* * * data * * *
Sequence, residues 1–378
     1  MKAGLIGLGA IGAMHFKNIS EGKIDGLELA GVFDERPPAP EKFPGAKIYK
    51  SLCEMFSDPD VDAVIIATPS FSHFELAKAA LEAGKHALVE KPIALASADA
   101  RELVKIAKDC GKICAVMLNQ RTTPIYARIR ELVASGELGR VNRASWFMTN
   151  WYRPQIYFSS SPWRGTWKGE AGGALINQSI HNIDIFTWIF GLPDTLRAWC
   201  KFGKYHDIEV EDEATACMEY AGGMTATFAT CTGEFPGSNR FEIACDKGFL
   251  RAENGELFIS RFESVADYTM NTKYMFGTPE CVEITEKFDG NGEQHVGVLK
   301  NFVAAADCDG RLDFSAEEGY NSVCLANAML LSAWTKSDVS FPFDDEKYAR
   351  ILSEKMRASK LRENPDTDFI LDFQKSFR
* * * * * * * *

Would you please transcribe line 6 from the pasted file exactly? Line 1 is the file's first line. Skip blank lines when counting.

   201  KFGKYHDIEV EDEATACMEY AGGMTATFAT CTGEFPGSNR FEIACDKGFL